The winning prototype Hyperloop pod reached 463.5 km/h, over 200 km/h faster than the one that came in second. This would shorten the trip from Munich to Hamburg to about one hour and 15 minutes, for example.
“Four wins in a row in the Hyperloop Competition underscore the enormous technological expertise of the students,” said Hans Adlkofer, Vice President Automotive Systems at Infineon. “They also highlight the major role that precise and robust electronics will play in the future of mobility. We are excited for the TUM Hyperloop team and congratulate it on its fascinating success.” Infineon sponsored the TUM team and supplied key components. In addition, the students gave the pod electronics the final touch at Infineon’s El Segundo location near Los Angeles.
The pod's eight electric motors are controlled by 288 power semiconductors from Infineon. These chips control the flow of current into the motor with thousands of switching processes per second. This creates the rapidly changing magnetic fields that drive the motor. In addition, 24 sensors from Infineon deliver information about the rotor position in the motors. This data is required for precise timing of the switching processes.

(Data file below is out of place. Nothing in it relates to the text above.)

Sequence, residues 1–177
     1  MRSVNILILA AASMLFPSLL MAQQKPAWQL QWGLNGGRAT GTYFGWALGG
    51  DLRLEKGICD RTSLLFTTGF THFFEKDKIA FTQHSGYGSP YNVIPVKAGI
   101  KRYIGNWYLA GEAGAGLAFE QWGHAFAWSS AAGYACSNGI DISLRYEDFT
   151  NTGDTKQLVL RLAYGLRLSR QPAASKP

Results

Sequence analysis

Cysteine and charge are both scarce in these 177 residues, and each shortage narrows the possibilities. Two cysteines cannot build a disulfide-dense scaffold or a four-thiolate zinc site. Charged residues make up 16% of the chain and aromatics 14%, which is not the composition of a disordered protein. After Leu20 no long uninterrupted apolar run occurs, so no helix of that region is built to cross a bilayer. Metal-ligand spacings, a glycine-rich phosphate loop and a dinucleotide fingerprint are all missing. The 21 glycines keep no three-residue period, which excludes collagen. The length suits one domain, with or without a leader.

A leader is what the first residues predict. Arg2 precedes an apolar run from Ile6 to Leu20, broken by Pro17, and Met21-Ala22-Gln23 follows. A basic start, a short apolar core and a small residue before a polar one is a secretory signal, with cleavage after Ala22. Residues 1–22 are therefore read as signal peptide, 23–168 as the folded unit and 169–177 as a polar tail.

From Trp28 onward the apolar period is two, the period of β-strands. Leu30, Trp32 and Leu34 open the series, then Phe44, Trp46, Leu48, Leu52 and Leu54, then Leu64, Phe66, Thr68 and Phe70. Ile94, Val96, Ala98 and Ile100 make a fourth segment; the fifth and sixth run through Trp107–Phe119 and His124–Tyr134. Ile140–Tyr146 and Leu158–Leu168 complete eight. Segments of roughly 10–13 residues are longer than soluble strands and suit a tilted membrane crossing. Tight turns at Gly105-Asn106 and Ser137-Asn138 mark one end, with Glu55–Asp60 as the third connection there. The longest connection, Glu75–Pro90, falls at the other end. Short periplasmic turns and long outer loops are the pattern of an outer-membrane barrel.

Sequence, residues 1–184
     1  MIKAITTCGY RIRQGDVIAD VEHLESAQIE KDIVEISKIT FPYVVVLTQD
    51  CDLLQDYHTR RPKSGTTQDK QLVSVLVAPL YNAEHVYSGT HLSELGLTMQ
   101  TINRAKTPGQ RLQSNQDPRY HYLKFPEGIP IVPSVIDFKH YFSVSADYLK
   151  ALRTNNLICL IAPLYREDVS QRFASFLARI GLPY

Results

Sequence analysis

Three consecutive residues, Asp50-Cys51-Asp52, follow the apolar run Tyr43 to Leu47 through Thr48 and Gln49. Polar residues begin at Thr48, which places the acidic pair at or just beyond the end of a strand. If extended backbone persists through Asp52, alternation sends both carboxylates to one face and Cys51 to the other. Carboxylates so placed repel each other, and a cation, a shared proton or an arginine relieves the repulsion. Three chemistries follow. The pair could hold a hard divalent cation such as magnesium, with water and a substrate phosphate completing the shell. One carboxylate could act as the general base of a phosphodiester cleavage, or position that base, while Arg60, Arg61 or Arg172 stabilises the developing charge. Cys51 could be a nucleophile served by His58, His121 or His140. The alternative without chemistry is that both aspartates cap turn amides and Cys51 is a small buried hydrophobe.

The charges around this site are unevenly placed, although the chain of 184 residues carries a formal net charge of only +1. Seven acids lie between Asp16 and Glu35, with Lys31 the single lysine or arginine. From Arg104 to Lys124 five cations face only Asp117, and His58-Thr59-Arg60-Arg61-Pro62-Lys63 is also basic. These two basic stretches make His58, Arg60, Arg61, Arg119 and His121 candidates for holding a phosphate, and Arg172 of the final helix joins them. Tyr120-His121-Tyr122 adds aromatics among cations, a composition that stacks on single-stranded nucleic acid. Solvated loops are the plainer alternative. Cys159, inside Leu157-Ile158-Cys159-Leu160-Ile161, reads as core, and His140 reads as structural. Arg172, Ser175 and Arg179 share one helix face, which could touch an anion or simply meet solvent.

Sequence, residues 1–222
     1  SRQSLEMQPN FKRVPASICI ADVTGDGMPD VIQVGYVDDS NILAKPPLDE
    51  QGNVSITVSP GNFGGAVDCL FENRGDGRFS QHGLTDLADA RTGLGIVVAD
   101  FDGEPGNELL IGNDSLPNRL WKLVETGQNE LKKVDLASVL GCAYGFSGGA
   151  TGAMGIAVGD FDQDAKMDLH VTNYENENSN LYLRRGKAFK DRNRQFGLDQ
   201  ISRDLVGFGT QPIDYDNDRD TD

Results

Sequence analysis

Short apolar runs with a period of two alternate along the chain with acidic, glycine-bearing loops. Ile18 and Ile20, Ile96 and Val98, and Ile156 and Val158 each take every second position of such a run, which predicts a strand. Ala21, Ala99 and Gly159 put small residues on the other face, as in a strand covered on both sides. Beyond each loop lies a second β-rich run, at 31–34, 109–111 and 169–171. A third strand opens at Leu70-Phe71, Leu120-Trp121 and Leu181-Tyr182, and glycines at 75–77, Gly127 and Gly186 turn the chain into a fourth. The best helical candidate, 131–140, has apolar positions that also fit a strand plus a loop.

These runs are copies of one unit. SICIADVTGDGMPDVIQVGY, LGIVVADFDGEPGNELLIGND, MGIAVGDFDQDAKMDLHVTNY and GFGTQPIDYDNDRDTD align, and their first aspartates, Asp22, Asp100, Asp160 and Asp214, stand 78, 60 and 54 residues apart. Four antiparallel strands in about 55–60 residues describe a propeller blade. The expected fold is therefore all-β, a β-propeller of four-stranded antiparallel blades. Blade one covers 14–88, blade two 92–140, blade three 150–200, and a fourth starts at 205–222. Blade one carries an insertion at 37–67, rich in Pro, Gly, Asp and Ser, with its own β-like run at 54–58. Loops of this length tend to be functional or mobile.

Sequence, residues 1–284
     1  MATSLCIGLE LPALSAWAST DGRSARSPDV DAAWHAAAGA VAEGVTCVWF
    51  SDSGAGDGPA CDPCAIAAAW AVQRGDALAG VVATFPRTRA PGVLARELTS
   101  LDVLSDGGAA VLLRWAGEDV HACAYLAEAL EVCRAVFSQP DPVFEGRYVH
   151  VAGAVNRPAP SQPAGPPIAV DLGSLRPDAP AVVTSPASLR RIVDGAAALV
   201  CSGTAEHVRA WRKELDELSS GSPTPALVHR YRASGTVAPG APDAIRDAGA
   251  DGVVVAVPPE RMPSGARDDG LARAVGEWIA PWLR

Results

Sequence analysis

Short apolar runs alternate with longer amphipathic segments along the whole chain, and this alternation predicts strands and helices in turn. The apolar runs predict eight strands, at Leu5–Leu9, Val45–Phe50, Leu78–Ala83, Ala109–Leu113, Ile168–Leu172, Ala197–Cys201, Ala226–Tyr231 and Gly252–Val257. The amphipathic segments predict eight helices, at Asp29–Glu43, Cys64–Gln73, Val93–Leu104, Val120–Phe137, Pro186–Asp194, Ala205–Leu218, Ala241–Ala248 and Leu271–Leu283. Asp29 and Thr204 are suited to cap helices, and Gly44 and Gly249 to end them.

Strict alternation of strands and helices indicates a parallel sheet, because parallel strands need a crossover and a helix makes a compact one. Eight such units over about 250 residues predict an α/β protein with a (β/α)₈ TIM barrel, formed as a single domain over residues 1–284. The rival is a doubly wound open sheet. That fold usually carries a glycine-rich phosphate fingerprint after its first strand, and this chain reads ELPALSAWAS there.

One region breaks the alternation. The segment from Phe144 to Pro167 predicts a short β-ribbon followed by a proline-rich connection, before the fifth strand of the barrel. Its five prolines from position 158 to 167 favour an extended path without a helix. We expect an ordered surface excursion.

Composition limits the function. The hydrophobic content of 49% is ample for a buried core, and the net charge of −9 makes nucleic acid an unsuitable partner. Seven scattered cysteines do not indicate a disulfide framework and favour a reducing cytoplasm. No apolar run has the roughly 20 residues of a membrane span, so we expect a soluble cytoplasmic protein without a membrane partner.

As well as in the drive, the TUM Hyperloop also uses 112 power components from Infineon in the main battery switches. With their help, the flow of current from the battery can be switched off in a fraction of a second. This is required, for example, for maintenance work or in case of accidents, to protect people from electric shocks.
The TUM Hyperloop team – previously known as WARR Hyperloop – presented the fastest pod in each of the four annual competitions. This year, it beat a total of 20 other teams from the U.S., Asia, Australia, and Europe. For the final run, three other teams qualified: Delft Hyperloop from Delft University of Technology (Netherlands), EPFLoop from École Polytechnique Fédérale de Lausanne (Switzerland) and Swissloop from ETH Zurich (Switzerland).